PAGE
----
Hope is equipped with three science instruments:
EXI – The Emirates eXploration Imager is a digital camera that will capture high resolution images of Mars along with measuring water ice and ozone in the lower atmosphere through the UV bands.
EMIRS – The Emirates Mars InfraRed Spectrometer will to measure global distribution of dust, ice cloud, and water vapor in the Martian lower atmosphere.
EMUS – The Emirates Mars Ultraviolet Spectrometer will measure oxygen and carbon monoxide in the thermoshphere and the variability of hydrogen and oxygen in the upper atmosphere.
Partners on the EMM team:
The Hope Probe was designed and developed by the EMM team at MBRSC together with Knowledge Transfer partners at the University of Colorado, Boulder; Arizona State University and the University of California, Berkley.
- The Laboratory for Atmospheric and Space Physics (LASP) at University of Colorado, Boulder is the primary knowledge transfer partner for mission design, spacecraft, and EXI/EMUS instrument development, testing, science team/apprenticeship, and operations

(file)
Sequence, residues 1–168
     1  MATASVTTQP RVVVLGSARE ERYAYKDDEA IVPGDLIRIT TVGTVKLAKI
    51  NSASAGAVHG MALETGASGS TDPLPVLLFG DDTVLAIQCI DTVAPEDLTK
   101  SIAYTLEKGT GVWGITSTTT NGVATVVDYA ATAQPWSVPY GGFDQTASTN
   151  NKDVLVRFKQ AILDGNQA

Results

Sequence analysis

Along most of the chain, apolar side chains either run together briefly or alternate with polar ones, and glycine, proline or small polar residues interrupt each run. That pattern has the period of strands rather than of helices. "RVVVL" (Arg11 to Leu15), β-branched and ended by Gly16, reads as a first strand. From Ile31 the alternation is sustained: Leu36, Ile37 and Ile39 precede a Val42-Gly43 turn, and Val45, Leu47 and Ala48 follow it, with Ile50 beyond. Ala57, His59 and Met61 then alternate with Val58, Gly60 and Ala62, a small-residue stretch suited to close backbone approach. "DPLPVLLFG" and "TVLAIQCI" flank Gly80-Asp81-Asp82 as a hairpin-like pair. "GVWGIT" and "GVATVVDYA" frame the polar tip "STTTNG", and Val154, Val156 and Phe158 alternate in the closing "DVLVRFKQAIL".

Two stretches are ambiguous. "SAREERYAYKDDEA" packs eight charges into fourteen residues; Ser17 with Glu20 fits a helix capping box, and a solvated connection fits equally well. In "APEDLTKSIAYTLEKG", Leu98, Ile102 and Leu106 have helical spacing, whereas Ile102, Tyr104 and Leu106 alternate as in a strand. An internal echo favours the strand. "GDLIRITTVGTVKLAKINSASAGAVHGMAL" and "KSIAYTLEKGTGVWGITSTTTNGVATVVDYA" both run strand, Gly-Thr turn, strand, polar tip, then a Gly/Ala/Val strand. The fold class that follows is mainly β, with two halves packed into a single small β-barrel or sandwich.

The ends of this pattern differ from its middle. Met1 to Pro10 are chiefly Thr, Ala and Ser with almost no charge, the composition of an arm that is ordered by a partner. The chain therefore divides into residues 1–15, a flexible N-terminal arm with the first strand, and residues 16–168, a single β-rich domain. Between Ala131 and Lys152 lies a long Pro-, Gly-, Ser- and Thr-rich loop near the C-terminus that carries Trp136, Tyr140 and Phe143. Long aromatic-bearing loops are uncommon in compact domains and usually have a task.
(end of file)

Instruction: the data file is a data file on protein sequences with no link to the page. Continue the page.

- Arizona State University is the knowledge transfer partner for EMIRS instrument development and science team/apprenticeship
- The University of California, Berkeley Space Sciences Lab (SSL) is the knowledge transfer partner for Science team/apprenticeship & EMUS detectors
Watch Ken’s continuing reports about Commercial Crew and Artemis and onsite for live reporting of upcoming and recent SpaceX and ULA launches including Demo-2, Starlink, X-37B, Solar Orbiter, Mars 2020 and more at the Kennedy Space Center and Cape Canaveral Space Force Station.
Stay tuned here for Ken’s continuing Earth and Planetary science and human spaceflight news: www.kenkremer.com –www.spaceupclose.com – twitter @ken_kremer – email: ken at kenkremer.com
Dr. Kremer is a research scientist and journalist based in the KSC area, active in outreach and interviewed regularly on TV and radio about space topics.